28 April 2014

Paul Jones on genealogical confidence

On Sunday afternoon at the St Catharines OGS conference Toronto genealogist Paul Jones will present "Determining how much confidence you should have in your genealogical inferences."
As Paul mentions blog postings of mine I'm giving the presentation a shout out. The abstract reads
Over the past quarter-century, the use of statistics in the sciences has been shifting from a “frequentist” approach (t-tests and the like) to the realm of conditional probabilities and Bayes Theorem, i.e., the use of successive pieces of evidence to progressively modify our estimate of 
the probability of the truth of a hypothesis. This trend is now entering the social sciences and it is a reasonable question to ask whether genealogists should add simple probability calculations to their research tool kit to distinguish between conclusions that are, say, 20%, 80% and 99% likely to be accurate. This presentation illustrates basic probability calculations, corrects some common misunderstandings about probability and suggests how probability could, in some circumstances, augment but never replace the Genealogical Proof Standard (GPS).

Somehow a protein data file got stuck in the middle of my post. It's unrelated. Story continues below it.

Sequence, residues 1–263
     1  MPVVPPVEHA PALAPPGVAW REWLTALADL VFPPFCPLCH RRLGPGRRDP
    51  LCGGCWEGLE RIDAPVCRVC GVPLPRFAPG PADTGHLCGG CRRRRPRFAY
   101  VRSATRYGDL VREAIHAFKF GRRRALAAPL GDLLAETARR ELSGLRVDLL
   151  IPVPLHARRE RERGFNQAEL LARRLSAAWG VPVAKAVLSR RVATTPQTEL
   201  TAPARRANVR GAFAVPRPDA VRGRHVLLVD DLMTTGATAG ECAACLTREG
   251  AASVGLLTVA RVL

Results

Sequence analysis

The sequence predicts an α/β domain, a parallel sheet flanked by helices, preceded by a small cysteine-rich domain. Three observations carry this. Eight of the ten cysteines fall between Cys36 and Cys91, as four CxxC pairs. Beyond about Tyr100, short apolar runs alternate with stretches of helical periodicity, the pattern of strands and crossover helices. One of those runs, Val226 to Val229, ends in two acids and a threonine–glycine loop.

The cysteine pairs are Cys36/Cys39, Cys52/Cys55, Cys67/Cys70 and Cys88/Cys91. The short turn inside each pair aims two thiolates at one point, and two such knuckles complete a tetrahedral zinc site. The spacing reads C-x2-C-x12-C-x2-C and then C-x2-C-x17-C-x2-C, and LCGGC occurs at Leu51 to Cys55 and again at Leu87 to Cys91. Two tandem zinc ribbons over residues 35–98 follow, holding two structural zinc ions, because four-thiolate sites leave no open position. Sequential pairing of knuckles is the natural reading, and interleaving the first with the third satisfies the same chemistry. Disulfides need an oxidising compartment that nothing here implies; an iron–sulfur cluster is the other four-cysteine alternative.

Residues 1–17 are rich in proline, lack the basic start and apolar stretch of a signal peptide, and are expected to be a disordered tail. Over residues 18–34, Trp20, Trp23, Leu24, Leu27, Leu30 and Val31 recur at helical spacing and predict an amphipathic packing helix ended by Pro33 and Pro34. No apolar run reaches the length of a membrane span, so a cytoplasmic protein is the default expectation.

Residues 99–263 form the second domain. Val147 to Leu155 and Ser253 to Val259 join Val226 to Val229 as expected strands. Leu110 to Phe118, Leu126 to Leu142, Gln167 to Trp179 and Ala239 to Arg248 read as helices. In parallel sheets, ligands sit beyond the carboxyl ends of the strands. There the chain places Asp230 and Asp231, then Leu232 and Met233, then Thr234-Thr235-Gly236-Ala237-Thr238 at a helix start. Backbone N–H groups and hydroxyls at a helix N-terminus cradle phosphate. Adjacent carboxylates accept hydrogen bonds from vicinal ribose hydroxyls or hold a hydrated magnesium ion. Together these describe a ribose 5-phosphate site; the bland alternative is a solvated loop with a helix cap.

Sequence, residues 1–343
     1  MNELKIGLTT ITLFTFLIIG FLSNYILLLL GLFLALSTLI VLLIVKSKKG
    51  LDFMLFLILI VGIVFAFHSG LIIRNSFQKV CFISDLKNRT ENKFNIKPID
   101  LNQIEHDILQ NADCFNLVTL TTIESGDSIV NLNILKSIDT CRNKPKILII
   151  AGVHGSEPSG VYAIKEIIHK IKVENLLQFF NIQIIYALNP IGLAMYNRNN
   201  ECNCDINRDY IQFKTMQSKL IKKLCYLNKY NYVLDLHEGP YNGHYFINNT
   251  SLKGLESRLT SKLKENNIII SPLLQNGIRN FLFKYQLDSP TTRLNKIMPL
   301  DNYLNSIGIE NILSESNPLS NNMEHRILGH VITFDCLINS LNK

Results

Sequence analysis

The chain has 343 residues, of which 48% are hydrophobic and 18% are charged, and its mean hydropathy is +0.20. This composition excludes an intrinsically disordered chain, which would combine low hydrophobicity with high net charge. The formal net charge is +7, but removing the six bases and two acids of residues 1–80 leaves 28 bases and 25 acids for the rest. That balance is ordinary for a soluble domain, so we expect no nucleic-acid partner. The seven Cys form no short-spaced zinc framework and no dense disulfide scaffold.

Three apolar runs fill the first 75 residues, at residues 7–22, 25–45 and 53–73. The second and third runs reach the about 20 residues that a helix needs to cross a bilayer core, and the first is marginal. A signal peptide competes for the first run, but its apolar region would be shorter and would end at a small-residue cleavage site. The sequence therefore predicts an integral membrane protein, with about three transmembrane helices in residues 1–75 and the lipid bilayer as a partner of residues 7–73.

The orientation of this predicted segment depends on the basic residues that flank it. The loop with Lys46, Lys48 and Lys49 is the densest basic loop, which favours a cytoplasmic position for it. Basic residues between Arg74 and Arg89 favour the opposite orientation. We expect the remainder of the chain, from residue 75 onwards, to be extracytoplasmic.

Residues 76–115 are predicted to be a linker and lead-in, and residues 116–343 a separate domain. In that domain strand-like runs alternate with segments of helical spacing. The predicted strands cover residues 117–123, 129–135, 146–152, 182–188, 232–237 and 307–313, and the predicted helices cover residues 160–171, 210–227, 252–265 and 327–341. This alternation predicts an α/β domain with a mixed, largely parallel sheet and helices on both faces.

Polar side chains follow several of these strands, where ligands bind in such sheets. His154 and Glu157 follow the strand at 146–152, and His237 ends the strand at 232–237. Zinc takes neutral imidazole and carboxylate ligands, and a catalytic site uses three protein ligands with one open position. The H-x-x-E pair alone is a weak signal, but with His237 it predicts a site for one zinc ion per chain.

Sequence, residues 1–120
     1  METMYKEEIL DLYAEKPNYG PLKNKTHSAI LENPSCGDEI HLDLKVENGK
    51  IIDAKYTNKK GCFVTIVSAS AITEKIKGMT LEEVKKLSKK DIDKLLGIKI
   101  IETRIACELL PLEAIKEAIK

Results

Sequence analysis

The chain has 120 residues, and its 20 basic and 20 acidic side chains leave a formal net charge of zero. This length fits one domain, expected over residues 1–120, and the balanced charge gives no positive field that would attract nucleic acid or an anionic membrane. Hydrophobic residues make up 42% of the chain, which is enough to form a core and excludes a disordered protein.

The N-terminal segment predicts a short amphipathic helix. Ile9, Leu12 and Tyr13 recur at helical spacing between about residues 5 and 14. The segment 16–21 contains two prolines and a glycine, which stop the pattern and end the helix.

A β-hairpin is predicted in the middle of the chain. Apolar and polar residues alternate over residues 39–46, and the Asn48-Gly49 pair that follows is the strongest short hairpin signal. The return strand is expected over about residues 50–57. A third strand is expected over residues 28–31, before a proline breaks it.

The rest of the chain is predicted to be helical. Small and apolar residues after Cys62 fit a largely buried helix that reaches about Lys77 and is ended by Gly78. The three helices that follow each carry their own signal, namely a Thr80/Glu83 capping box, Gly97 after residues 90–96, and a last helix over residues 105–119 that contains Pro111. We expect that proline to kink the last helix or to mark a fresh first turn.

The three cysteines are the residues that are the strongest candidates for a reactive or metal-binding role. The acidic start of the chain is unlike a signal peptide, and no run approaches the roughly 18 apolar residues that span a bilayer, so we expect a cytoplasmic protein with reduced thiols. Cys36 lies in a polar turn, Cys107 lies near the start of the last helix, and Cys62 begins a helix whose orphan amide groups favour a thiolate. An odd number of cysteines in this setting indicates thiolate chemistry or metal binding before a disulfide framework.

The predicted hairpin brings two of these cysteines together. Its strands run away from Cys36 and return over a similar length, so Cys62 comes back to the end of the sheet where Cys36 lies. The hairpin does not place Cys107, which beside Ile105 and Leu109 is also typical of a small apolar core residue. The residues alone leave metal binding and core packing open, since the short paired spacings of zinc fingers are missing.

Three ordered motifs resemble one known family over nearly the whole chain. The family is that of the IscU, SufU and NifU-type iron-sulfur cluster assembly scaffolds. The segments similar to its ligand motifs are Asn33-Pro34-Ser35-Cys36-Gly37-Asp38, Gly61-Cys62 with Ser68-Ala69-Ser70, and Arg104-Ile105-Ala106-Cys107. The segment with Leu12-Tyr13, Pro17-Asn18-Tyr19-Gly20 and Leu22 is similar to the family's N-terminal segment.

One of the other references for Paul's presentation is Richard Carrier, author of Proving History, who posted If You Learn Nothing Else about Bayes’ Theorem, Let It Be This on his blog on Sunday. The  main he discusses are that Theories Cannot Be Argued in Isolation and Prior Assumptions Matter
Be aware that Carrier doesn't pander in his writing. His post has a fog index of 11.7 where 5 is readable, 10 is hard, and 15 is difficult.

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